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Thursday, August 28, 2003
The State of the Dream (at least in this short haired white boy’s opinion)…

So today is the fortieth anniversary of Martin Luther King Jr’s “I have a Dream” speech delivered on the steps of the Lincoln Memorial. This is certainly one of the most stirring and eloquent speeches ever delivered on American soil. When I hear it today I am still in awe of it, and I have often wondered, as I have with other great speeches, if either the deliverer or those in attendance instantly grasped the greatness and importance of what they had just heard. Bold, if simple, concepts for the time: Inalienable rights, applicable to all men - life, liberty and the pursuit of happiness – all men created equal. What was he saying if not I am a man, and you don’t grant these rights to me, they are mine. King spoke of a day not when these rights would be granted, but rather recognized. When men would “not be judged by the color of their skin but by the content of their character.”

Did we ever really get to that point in time that King was looking towards? I don’t know, and who am I to say? It does seem to me, however, that we are clearly moving away from that dream now. The leaders that once pronounced that dream as their goal – a righteous goal – have simply lost sight of it. No longer do they look towards the true colorblind society, indeed, they demand that we not be blind to the color of their skin. Today from schools to legislative chambers, from municipal governments to the Supreme Court, the message has been made clear: race does matter. Imagine some saying to Martin Luther King, we are going to design our admissions forms to record the race of every applicant so that those applicants can be treated differently. So that applicants of one color can be given preferential treatment over applicants of another color. What would King’s response be? Would he ask further who would be the beneficiary of the preferential treatment and who would be the recipient of the discrimination, or would he reject the notion at face value?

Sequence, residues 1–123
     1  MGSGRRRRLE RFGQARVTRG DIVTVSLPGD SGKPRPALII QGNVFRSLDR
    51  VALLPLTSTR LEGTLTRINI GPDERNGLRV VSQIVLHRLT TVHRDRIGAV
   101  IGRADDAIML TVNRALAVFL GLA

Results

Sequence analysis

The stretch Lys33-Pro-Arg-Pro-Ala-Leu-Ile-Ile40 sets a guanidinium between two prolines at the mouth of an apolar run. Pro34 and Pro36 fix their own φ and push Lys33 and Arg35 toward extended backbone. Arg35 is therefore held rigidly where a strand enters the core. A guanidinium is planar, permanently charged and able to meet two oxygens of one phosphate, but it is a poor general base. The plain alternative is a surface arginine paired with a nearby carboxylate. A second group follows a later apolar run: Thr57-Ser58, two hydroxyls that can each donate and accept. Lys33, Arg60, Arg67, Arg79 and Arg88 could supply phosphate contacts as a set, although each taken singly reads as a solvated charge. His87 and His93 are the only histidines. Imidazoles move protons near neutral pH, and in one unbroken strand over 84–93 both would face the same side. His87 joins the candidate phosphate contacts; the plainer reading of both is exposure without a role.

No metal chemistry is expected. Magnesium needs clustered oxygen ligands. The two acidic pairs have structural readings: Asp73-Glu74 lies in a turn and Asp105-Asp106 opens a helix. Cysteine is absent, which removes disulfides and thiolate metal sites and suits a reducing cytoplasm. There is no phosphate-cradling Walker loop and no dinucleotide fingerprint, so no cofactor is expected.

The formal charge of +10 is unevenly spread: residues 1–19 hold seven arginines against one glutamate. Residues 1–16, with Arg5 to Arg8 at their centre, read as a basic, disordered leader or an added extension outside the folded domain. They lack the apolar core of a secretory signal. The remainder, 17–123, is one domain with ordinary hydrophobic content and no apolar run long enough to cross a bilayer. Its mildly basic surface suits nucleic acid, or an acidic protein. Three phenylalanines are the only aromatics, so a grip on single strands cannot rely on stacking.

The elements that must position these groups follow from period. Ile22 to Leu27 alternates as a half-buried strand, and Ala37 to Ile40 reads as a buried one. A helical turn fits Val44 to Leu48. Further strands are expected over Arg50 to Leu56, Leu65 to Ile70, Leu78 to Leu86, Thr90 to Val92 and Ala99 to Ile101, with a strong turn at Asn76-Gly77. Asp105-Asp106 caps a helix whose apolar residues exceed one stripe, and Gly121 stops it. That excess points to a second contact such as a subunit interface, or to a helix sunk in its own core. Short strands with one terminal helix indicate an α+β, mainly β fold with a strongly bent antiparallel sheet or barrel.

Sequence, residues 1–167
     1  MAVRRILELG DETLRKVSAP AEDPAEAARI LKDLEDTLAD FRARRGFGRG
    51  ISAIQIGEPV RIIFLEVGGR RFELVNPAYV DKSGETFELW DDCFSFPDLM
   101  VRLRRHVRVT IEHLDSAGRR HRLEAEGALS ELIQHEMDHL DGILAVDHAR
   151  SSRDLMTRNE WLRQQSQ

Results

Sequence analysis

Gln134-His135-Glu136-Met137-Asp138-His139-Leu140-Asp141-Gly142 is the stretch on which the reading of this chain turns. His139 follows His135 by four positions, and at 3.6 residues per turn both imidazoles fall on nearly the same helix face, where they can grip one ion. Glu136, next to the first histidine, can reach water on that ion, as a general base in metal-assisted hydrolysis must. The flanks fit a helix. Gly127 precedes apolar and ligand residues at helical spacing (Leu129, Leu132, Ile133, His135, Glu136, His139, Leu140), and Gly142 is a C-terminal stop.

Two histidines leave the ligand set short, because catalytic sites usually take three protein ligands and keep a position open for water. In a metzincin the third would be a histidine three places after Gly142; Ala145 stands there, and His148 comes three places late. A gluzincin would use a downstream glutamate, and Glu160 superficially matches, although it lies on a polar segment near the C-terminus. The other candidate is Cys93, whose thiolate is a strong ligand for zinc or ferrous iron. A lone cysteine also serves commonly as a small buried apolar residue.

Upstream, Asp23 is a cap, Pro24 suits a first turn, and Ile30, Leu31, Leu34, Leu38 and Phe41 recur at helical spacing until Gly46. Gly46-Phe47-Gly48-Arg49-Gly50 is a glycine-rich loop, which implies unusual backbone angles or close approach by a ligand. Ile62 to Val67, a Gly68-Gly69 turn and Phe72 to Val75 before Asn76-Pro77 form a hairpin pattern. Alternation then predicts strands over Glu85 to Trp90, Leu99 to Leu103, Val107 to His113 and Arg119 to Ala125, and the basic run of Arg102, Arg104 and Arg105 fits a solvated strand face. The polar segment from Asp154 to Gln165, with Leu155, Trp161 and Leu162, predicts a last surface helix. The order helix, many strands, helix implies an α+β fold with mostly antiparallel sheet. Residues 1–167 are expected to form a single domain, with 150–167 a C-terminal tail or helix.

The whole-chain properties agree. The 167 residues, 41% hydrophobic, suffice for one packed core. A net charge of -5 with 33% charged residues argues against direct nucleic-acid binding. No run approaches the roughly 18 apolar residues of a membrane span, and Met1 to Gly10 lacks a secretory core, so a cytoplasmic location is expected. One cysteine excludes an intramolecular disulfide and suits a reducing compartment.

The truth is, everyone knows the current state of things is wrong, discrimination was wrong forty years ago, and it’s just as wrong today. The notion that “affirmative action” is acceptable because it helps society move gradually towards some ideal state of equilibrium is false. It’s a mirage. When the Supreme Court states that "We expect that 25 years from now, the use of racial preferences will no longer be necessary to further the interest approved here today," they are just chasing that mirage. It is futile. Discrimination is ugly, it is unjust, and it should certainly be snuffed out whenever it is encountered, but this is now recognized and accepted by society. As Martin Luther King said himself forty years ago:

” This is no time to engage in the luxury of cooling off or to take the tranquilizing drug of gradualism. Now is the time to make real the promises of democracy.”

The dream continues.

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